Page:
Urban Legends of Central Park

things-to-do Sep 11, 2020

As a place with an eventful history with millions of visitors throughout all the years, Central Park has gained a central place in NYC’s culture. And this goes hand to hand with some interesting facts and some bizarre, even spooky legends.

Stories of hidden treasures, cryptic sightings, and paranormal visitors are just a small part of the history of our beloved park. We at Central Park tours have tried to gather some of the most interesting, and somewhat spooky stories that go around the park.

Calvert Vaux’s secret

The story goes – Vaux, one of the park’s fathers, wrote a letter, stating that he had hidden a secret of great importance somewhere in the park. He had given instructions to find it around 1965 (with the letter supposedly written in 1895), and then – to keep it a secret for at least 10 years. All of this is described in the Central Park Papers. Vaux drowned in 1895, in Gravesend Bay, previously stating that he fears for his life. Was his death an accident, or not? Is it all related to the Central Park Papers, and their secret? We will never know…

And do you know that the Casino was a hotspot?

But not for free Wi-Fi, but for a drink and some good time during the Prohibition Era. The Casino first started as a place for unaccompanied ladies to hang out, and then (after some fifty years) it became the Casino. The Casino, in turn, became a favorite place of then-mayor Jimmy Walker (not Johnny), who used it to blow off some steam with some drinks and dancing, away from the law’s eyes.

There were real sheep on Sheep Meadow

Central Park Sheep Meadow
Sheep Meadow

What did you thought? That this was just a random name? No! There were real, living sheep. They were kept in the building that is today the Tavern on the Green, and grazed the grass of one of our favorite picnic spots twice a day. They were Olmsted's, who thought they would give the large meadow a more esthetic look. Today, this could be a real spectacle – a sheep herd, living in the heart of Manhattan.

Fire a broadside!

The Ramble

There was an old ship cannon, stored in the Ramble shed. An active gun at its time, it wasn’t in use for more than two centuries. But when a park crew went to clean it in 2013, they discovered that it was ready for battle, containing a cannonball, and nearly 2 pounds of active gunpowder.

Speaking of artillery ammo – there was a popular legend, stating that Bow Bridge had huge cannonballs in its foundation. This was considered official information until 1974, when, during a renovation of the bridge, no cannonballs were discovered.

bow bridge

A fun fact is that, in order to clear Central Park’s landscape from all the rock (it was very rocky and swampy), the workers used more gunpowder than it was used in the Battle of Gettysburg.

The Manhattan Project

Apparently there is a huge underground complex under Central Park. It is utilized as a part of the Manhattan Project. For those that don’t know – the Manhattan Project was a military operation dedicated to the construction of the first nuclear weapons. It is heavily shrouded by mystery, spawning hundreds of conspiracy theories about the usage of extraterrestrial technology. Another theory states that there’s a complex under Central Park, equipped with over 60 miles of roads, an underground lake and one of the largest telephone exchange in the United States amongst other. It was a home for some of the most important figures of human history, like Tsar Nicholas II, Adolf Hitler, and some aliens from Roswell. One of the new faces on the block is radio host Howard Stern.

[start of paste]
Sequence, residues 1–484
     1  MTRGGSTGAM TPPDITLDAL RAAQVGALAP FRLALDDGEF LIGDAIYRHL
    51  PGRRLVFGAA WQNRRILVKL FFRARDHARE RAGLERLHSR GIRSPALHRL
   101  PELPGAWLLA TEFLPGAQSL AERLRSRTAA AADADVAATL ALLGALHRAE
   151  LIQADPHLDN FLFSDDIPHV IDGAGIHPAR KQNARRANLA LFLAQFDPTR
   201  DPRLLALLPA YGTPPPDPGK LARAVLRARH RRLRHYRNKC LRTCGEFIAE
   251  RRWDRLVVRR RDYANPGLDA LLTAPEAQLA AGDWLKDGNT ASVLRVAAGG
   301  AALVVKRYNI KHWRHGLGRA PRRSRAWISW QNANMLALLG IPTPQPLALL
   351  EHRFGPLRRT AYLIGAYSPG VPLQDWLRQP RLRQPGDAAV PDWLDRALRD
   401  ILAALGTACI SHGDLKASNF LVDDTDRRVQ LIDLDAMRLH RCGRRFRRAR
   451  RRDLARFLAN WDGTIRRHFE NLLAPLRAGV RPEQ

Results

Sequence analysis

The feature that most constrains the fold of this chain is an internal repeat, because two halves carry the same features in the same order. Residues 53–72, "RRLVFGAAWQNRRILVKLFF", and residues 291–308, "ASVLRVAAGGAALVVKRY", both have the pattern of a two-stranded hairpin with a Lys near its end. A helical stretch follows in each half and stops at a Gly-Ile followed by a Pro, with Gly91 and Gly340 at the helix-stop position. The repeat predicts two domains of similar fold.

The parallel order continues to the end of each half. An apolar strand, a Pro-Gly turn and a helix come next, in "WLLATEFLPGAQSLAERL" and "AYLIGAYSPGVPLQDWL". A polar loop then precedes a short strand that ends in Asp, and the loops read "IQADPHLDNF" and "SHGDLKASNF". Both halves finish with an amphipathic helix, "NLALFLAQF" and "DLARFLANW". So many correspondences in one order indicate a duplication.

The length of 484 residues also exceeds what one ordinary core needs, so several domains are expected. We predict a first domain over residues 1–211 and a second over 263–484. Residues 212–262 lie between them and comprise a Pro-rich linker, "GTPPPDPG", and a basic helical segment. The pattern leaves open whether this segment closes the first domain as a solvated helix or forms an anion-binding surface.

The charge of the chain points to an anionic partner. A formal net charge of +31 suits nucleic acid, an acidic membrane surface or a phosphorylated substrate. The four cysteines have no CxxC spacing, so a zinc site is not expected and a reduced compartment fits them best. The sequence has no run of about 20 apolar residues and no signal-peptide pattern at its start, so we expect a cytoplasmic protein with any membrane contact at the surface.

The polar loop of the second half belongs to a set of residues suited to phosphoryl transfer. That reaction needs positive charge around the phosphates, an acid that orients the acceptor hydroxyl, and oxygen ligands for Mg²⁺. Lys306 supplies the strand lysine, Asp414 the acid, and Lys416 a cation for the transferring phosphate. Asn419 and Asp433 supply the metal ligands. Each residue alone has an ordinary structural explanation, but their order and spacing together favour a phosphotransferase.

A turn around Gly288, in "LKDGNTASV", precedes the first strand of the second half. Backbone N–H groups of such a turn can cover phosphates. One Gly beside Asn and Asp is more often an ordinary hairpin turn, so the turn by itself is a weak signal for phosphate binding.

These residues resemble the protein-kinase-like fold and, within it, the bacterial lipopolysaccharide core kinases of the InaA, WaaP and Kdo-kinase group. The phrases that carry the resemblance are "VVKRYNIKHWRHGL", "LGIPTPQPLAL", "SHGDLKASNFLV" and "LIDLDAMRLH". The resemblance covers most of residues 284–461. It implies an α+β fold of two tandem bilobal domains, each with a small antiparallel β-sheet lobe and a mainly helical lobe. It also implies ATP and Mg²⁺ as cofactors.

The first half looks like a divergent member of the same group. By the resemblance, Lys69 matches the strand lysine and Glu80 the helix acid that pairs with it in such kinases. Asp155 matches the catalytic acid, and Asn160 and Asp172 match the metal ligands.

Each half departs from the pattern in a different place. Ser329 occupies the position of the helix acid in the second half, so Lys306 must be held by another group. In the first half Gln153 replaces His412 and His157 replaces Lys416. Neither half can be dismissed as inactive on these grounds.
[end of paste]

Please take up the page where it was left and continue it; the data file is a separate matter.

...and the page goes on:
Believe it or not, Central Park is the home of several spooky, but friendly ghosts.

Skating ghosts

If you’re having a walk near Central Park Pond and jump onto two classy Victorian-era ladies, who are also ghosts, don’t worry – those are just Janet and Rosetta Van Der Voort, a couple of sisters who are there for some ice skating, and don’t mean to scare you. The legends say that their father was very protective of them, and would only allow them to go to the Pond to skate. They are said to die in the 1880’s from old age.

The Dakota building

It is located on 72nd St. in Central Park West, and became infamous on December 8, 1980 when Mark David Chapman shot John Lennon in front of it. Since then, there are multiple sightings of the Beatle’s ghost there. He’s not the only ghost there, with reports of a boy and a girl. Also, the building “stars” in Roman Polanski's 1968 horror, Rosemary's Baby.

New York Cancer Hospital

A place with very dark past. It was a hospital in the 19th century, when mortality rates were high and patients were treated morphine and alcohol to numb the pain. It later became Towers Nursing Home, close in 1974 for parent abuse. Today it is a fancy condo, light years away from its former glory.

The weirdest residents

Some very awkward people (and creatures!) called Central Park their home for a while.

  • An alligator that was actually a South American caiman.
  • Susie Grunt – a 15-year old girl that occupied a cave near East 71st St. for a while in 1987.
  • The invasive species of the Frankenfish (snakehead fish) that inhabited the Harlem Meer in 2013.
  • A 3-foot tall (not so big) Bigfoot, spotted in 1997.

Bonus Fact: The construction of Central Park was more expensive than the purchase of Alaska ($7.4 and $7.2 millions of dollars respectively).


Central Park is visited by 42 million people every year and most of them will never see a Bigfoot, a ghost, or an alien. But that doesn’t mean they are not there, watching us from the bush or the dark window.  But do not be scared, they mean you no harm! Go on with your tour and enjoy the park!

Great! You've successfully subscribed.
Great! Next, complete checkout for full access.
Welcome back! You've successfully signed in.
Success! Your account is fully activated, you now have access to all content.